When picking your company slogan, try to be as memorable and distinct as possible. You should aim to keep these tips in mind when you are crafting your phrase.

  • Make it memorable: The most important characteristic your phrase should have is memorability. You want something snappy that your consumers will immediately recognize as part of your brand.
  • Zero in on what makes your company unique: M&M’s slogan “Melts in your mouth, not in your hand” focuses on a feature that makes it different from other chocolate brands. Try focusing on what separates you from your competitors.
  • Include benefits of your product: Rather than explicitly describing your product or service, focus on what your consumer stands to gain from using your product. For example, if you are selling a work out product, focus on the confidence your consumer will have strutting around in tight clothes, rather than describing the function of the product.
  • Invoke an emotional response in your consumer: Coca Cola’s approach with slogans, which include “Open Happiness” and “Enjoy life’s simple pleasures” focuses on the feeling behind the consumption of their products. Good slogans trigger an automatic positive response to the company in question.

Once you have selected a strong phrase, you will want to ensure that the slogan is available and not in current use. You can still be guilty of infringement, even if you are not aware of the existence of a conflicting trademark. For that reason, it’s crucial to conduct a trademark search before using a phrase in commerce and attempting registration.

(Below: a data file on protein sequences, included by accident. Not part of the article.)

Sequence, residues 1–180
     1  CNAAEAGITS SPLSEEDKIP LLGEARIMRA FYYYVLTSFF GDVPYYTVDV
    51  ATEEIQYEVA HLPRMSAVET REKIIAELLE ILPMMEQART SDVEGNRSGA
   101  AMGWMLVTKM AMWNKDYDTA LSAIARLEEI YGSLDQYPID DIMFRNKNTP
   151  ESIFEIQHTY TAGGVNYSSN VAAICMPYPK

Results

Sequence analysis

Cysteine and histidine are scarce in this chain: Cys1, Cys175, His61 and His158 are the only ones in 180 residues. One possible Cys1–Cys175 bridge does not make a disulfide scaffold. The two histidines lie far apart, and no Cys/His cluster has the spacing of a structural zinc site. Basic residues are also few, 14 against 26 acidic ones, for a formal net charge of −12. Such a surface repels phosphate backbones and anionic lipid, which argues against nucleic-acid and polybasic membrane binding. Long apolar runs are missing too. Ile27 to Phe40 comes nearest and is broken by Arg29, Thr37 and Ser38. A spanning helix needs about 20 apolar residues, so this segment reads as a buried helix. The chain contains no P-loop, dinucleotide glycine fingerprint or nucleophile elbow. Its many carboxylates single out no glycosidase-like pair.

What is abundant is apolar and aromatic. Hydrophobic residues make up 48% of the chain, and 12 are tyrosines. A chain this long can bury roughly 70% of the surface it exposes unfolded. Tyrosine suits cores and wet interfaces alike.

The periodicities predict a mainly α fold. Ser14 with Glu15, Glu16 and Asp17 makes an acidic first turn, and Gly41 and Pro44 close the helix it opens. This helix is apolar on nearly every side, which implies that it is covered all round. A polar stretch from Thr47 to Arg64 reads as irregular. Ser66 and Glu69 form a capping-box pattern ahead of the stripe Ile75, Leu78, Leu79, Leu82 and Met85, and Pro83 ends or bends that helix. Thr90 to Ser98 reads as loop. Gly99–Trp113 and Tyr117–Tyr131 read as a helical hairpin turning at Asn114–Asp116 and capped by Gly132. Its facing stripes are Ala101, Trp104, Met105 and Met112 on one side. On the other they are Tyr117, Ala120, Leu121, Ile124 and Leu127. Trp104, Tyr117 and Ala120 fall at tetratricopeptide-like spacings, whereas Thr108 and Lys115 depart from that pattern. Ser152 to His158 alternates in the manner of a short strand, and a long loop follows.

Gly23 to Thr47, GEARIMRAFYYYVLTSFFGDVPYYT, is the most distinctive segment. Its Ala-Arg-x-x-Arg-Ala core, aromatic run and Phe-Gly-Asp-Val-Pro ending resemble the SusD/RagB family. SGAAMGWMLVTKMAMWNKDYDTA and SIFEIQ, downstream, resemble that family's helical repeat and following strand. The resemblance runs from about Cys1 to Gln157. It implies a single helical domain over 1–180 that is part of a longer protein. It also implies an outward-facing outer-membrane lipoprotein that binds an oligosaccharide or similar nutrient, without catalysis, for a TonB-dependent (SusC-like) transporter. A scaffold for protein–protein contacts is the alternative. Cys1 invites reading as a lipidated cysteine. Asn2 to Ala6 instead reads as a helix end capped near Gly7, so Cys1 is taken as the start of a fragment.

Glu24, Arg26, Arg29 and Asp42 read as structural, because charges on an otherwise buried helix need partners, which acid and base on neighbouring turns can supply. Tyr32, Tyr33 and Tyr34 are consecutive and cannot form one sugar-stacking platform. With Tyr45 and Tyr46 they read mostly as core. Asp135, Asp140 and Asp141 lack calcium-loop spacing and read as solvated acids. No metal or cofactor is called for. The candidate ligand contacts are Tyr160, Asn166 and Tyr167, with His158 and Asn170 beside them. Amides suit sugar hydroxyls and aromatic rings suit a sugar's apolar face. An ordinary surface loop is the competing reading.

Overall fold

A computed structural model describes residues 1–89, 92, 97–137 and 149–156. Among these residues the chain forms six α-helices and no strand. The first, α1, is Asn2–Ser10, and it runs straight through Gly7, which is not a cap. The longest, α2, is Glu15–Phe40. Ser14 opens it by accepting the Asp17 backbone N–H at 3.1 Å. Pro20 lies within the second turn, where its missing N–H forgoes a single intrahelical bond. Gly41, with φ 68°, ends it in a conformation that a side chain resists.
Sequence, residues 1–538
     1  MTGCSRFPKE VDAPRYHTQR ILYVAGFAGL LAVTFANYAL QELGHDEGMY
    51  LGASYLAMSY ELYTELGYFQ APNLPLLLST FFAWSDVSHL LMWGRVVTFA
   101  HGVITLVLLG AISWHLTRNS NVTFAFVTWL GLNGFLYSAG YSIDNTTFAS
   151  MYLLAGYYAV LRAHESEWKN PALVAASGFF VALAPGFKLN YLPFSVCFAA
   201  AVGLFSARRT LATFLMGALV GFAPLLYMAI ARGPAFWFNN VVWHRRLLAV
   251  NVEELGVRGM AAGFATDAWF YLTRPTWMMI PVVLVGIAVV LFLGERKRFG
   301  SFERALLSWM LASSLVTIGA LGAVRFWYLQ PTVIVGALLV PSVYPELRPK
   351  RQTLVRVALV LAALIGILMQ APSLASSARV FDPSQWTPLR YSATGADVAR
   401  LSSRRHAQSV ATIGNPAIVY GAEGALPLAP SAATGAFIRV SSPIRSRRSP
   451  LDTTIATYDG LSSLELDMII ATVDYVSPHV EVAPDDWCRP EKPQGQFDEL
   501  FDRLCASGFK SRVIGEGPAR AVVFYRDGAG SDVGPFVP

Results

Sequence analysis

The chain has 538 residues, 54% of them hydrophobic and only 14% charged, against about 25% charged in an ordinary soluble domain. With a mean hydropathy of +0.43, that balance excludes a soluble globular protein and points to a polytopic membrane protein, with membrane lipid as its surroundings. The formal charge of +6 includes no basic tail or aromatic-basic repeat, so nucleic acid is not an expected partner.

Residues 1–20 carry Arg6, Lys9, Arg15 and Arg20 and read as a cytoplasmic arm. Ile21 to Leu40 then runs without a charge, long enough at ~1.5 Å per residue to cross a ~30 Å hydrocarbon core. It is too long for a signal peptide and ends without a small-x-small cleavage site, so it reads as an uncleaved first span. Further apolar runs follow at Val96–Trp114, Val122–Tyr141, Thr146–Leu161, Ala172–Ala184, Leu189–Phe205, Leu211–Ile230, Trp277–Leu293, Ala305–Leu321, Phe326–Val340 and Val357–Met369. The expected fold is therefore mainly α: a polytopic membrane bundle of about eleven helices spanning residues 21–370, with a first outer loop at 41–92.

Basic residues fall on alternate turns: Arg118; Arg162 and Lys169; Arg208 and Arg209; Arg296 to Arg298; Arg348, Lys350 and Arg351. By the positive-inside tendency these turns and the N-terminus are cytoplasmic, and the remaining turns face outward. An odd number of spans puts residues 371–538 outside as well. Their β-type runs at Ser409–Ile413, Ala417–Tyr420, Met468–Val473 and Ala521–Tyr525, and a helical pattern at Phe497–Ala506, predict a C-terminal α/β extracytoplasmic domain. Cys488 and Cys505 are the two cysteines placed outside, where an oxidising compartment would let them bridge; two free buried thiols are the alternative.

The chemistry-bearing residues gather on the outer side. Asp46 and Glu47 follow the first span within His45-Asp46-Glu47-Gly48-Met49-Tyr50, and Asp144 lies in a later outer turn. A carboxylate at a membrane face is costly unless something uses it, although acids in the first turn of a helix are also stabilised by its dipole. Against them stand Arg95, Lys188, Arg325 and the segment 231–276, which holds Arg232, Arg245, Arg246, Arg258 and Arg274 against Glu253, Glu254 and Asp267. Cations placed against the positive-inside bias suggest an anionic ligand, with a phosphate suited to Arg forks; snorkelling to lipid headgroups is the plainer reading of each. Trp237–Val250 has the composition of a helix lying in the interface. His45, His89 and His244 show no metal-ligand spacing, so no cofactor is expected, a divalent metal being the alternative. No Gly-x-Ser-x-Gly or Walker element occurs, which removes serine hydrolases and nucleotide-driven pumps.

Step 2: Conduct a Trademark Search

You can search all trademarks using the Trademark Electronic Search System (TESS) on the USPTO website. Keep in mind that a phrase does not have to be identical to your own to be flagged as confusingly similar. For the most comprehensive results, you should run several variations of the phrase in question, and use special characters and similar connotation trademarks as well.

It can be difficult to determine if a certain phrase will be deemed too similar to your own. For example, you might be unsure if “Happiness is found in unexpected places” conflicts with “Look for happiness in hidden places.” Pay attention to how closely the industries are related. If you are marketing your products to a completely different audience, you might be able to get away with a similar phrase. You can determine your rights in such a situation with the assistance of a trademark lawyer.